NASA scientists have recently discovered 1, 235 potential planets orbiting distant stars using the Kepler space telescope. These are of course potential planets, as they must been seen at least three times in order to confirm their existence.
Of these 1, 235, the NASA experts suggest that 54 of them may lie in habitable zones, where temperatures would allow water to exist in liquid form, which of course is required for life as we know it. The key here, is life as we know it.
NASA scientists have discovered systems that, prior to this, we had no idea could exist. For example, a cluster of 6 potential planets packed so tightly together that they influence each other's orbit around their respective sun. It seems like the more we know...the less we know?
But back to the point...life as we know it. Remember not too long ago when NASA had another big discovery? This one was about the bacteria that can use arsenic instead of phosphorus in its' DNA. (Remember your six key ingredients for life: carbon, oxygen, nitrogen, hydrogen, sulfur, and....phosphorus!) That's right, this little guy can replace one of the six major building blocks of life as we know it with a horribly poisonous compound called arsenic.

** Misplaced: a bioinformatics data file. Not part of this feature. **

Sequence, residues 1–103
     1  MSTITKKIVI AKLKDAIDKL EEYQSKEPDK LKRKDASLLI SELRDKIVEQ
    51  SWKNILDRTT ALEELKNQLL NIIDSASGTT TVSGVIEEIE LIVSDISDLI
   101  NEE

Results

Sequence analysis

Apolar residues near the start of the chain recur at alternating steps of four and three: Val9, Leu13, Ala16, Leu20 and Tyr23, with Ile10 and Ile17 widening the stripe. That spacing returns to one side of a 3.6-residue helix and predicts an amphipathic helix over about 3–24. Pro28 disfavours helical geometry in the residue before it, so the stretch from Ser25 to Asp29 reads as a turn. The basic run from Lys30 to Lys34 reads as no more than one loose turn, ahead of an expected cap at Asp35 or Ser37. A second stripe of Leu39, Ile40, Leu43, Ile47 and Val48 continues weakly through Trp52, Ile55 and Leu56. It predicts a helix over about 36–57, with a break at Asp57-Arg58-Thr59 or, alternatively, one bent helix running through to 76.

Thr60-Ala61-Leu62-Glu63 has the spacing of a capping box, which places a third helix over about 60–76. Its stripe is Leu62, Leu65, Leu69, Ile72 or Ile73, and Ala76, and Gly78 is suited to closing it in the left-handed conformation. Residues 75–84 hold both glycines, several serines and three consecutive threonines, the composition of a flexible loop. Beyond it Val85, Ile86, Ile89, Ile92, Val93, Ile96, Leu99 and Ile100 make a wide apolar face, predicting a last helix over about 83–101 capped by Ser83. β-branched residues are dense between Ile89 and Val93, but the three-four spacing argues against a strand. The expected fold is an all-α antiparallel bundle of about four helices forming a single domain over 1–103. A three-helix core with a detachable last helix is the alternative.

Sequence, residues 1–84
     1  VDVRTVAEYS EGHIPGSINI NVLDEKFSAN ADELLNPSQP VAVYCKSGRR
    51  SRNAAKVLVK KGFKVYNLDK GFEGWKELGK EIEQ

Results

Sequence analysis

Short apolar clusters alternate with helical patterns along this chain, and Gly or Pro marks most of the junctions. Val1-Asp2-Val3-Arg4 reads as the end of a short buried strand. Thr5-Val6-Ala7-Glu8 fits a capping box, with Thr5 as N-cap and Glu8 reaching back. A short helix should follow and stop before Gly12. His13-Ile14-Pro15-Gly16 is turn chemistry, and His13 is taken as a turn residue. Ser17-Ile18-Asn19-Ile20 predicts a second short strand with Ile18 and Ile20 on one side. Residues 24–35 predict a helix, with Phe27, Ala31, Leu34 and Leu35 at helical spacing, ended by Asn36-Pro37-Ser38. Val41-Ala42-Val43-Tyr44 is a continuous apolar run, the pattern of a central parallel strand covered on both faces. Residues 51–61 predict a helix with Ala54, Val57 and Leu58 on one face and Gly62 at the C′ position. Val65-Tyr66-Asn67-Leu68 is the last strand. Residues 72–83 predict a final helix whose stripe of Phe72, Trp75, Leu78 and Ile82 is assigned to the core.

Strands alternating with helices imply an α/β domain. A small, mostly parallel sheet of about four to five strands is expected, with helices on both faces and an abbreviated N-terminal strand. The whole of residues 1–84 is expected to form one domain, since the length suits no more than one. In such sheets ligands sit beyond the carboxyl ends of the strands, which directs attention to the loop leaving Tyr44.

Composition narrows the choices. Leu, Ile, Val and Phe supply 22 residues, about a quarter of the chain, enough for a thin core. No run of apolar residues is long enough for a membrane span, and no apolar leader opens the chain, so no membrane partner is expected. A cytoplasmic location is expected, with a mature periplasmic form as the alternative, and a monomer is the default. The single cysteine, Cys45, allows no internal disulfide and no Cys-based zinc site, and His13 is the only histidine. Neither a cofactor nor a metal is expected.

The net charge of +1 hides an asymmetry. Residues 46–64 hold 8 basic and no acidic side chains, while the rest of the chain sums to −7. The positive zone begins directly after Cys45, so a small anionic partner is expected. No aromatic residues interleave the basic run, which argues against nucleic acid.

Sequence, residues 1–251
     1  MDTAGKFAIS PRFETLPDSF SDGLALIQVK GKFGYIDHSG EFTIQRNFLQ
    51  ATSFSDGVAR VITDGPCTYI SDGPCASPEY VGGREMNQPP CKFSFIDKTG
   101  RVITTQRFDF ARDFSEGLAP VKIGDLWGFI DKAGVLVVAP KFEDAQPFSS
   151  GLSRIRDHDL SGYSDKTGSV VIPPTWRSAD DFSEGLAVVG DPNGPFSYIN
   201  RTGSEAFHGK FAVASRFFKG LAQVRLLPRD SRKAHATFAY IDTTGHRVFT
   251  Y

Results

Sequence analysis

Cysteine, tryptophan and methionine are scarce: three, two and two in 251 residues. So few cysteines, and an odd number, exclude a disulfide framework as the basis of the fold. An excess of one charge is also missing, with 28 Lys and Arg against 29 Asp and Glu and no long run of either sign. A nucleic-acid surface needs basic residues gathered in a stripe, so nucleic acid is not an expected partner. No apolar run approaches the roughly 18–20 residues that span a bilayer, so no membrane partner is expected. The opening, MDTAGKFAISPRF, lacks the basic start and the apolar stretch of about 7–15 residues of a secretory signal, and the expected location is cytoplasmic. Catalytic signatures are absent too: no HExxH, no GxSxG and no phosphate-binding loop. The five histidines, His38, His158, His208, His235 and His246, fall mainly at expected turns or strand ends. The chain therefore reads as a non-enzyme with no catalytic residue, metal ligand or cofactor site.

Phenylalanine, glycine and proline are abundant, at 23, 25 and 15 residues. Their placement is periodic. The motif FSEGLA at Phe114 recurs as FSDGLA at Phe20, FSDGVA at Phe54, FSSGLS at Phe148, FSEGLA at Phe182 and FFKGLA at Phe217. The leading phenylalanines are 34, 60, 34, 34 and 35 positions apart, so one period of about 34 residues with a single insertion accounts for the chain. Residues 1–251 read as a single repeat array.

The point...what is life as we know it? Until this bacteria, we had a completely different view of life here on Earth, let alone on other planets. We have a poor definition of life...I remember arguing that viruses are alive in grade 11 biology...I still think they are, more or less, but that what we define as life only includes organisms that are similar enough to us- and wrongly excludes viruses. (Think about it- how can something have
DNA or RNA and not be alive...energy,waste, reproduction, etc- these are things that we like to associate with life because it includes most things- this makes it inclusive of the majority, but not necessarily correct).
This begs the question, if we saw life on another planet...would we recognize it?